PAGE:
for singers] The word is definite, the singers. Cf. Ecclesiastes 2:8.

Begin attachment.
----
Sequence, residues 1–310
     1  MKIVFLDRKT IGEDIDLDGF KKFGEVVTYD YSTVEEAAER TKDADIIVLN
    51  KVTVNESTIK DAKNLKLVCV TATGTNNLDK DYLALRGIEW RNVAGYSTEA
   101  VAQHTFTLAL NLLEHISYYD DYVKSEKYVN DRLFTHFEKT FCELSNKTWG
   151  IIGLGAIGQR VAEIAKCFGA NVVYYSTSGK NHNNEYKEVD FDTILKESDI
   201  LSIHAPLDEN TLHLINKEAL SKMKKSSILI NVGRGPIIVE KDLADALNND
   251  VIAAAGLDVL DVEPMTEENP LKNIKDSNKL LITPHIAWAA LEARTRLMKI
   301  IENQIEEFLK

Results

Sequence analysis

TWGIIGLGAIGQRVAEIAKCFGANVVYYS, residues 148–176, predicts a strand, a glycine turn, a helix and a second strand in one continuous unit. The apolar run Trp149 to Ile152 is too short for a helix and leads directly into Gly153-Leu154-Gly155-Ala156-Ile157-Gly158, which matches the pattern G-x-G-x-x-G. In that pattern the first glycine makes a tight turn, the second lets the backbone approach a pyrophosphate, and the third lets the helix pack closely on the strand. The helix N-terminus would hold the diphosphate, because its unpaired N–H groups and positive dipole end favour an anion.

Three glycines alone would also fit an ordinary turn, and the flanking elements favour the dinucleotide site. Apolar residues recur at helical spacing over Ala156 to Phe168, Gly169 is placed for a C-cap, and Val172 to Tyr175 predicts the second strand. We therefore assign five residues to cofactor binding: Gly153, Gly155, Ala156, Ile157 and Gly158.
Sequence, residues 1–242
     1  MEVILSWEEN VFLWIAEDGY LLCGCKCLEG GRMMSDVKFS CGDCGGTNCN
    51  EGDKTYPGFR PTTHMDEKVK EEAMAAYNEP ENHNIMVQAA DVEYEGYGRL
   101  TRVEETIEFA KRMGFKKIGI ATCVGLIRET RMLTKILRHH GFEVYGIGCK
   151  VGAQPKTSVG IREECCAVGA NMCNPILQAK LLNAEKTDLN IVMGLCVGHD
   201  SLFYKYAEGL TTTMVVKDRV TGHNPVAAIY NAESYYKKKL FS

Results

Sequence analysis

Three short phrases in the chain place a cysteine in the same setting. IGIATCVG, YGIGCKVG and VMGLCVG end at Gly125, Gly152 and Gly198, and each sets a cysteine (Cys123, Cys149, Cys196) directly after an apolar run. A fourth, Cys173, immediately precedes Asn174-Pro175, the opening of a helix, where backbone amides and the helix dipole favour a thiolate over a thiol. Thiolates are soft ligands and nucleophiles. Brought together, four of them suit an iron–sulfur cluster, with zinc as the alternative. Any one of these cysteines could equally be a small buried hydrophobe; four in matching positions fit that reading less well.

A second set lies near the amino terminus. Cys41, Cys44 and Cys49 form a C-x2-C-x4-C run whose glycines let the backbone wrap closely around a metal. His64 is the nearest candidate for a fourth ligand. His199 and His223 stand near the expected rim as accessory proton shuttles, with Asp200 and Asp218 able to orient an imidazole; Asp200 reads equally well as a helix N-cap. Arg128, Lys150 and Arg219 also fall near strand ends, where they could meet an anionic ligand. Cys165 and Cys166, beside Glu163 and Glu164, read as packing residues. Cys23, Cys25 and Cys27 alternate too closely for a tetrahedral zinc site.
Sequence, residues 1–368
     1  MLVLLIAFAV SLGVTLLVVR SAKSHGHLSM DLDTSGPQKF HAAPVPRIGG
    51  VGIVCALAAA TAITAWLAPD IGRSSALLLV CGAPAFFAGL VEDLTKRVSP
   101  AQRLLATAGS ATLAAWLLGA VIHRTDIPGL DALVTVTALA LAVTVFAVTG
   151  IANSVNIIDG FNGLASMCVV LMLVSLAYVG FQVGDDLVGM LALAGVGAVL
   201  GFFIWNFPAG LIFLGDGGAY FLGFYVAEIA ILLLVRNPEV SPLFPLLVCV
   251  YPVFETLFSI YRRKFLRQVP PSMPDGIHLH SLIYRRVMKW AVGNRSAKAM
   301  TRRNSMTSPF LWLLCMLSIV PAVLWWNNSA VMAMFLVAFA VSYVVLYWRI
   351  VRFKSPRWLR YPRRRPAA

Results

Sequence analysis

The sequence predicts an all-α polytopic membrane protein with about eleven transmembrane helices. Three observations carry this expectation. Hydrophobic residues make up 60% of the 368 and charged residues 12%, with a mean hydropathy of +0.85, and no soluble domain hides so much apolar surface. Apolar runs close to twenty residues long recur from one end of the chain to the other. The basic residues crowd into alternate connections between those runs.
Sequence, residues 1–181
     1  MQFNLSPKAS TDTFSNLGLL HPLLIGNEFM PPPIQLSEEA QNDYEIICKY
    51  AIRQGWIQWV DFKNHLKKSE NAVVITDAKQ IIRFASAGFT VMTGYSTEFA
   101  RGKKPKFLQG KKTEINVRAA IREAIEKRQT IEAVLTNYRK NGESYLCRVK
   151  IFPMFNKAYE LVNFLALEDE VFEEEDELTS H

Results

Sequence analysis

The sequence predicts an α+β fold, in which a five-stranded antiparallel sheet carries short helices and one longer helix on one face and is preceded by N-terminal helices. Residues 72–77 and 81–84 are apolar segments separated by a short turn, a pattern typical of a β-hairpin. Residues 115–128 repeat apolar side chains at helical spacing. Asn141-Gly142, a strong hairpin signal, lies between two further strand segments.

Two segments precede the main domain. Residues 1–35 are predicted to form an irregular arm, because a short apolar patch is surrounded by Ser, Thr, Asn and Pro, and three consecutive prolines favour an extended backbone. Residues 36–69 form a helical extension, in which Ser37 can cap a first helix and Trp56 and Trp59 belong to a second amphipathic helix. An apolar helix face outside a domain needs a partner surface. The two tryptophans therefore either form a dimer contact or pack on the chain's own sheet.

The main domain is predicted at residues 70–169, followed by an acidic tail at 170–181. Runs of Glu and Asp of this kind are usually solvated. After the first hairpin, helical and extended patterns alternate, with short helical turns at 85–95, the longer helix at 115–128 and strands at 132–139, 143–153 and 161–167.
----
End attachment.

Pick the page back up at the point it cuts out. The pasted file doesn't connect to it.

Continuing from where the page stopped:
almug trees] Here the LXX. adds ‘unto the land,’ and the thought is perhaps of the things brought by the fleet of Hiram. In all their voyages they could not find the like.Verse 12. - And the king made of the almug trees pillars [lit., props. In 2 Chronicles 9:11 we have a different word, מְסִלות (cf. Judges 20:31, 32; 1 Samuel 6:12, etc.), there translated stairs. The word in the text מִסְעָד is ἅπαξ λεγ. Keil understands "steps with bannisters;" Bahr (after Jarchi) "tesselated pavements;" Gesenius, "balusters;" Thenius, "divans;" Bottcher, "benches and similar moveables." But was not the pavement already laid, and of cedar; and would the sanctuary have divans, etc.?] for the house of the Lord, and for the king's house, harps also and psalteries [also mentioned together (Psalm 71:22; Psalm 108:2; cf. 3). They were stringed instruments, but their precise shape and character is quite uncertain. One species of sandalwood, or of wood closely allied to it, is said to have been much sought after for musical instruments] for the singers: there came no such almug trees, nor were seen unto this day. She then said with astonishment to Solomon, that of what her eyes now saw she had not heard the half, through the report which had reached her of his affairs and of his wisdom, and which had hitherto appeared incredible to her; and not only congratulated his servants, who stood continually near him and could hear his wisdom, but also praised Jehovah his God, that out of His eternal love to His people Israel He had given them a king to do justice and righteousness. The earlier theologians inferred from this praising of Jehovah, which involved faith in the true God, when taken in connection with Matthew 12:42, that this queen had been converted to the true God, and conversed with Solomon on religious matters. But, as we have already observed at 1 Kings 5:7, an acknowledgment of Jehovah as the God of Israel was reconcilable with polytheism. And the fact that nothing is said about her offering sacrifice in the temple, shows that the conversion of the queen is not to be thought of here.